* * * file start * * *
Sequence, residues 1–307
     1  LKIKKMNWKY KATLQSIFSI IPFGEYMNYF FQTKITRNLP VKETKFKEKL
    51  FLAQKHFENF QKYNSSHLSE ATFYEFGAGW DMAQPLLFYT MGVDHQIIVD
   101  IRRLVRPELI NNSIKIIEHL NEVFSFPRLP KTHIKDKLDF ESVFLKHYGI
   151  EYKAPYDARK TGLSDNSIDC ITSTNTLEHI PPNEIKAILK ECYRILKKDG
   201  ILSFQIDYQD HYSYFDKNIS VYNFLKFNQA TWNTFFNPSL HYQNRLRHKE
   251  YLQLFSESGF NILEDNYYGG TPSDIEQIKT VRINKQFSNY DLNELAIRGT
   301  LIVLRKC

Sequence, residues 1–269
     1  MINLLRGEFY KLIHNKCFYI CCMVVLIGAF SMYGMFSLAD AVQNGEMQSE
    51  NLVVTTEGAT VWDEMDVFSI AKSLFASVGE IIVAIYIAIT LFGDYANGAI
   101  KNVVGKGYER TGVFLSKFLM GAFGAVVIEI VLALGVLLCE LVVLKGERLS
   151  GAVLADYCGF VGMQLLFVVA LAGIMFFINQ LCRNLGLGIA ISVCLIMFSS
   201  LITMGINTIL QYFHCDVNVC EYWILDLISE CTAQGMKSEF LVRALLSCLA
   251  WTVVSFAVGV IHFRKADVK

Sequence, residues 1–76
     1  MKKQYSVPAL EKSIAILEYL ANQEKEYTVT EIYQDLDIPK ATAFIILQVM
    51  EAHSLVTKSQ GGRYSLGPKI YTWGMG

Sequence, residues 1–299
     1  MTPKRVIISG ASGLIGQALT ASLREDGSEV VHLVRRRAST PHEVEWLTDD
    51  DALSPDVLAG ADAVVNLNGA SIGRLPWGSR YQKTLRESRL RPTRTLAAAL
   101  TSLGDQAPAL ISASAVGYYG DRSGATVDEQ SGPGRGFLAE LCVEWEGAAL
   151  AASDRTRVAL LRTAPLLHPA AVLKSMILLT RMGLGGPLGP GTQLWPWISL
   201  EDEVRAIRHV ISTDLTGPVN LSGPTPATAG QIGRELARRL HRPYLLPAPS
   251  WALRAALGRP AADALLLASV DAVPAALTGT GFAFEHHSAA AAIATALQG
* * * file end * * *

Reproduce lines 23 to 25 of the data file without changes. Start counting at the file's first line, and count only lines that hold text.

   151  AASDRTRVAL LRTAPLLHPA AVLKSMILLT RMGLGGPLGP GTQLWPWISL
   201  EDEVRAIRHV ISTDLTGPVN LSGPTPATAG QIGRELARRL HRPYLLPAPS
   251  WALRAALGRP AADALLLASV DAVPAALTGT GFAFEHHSAA AAIATALQG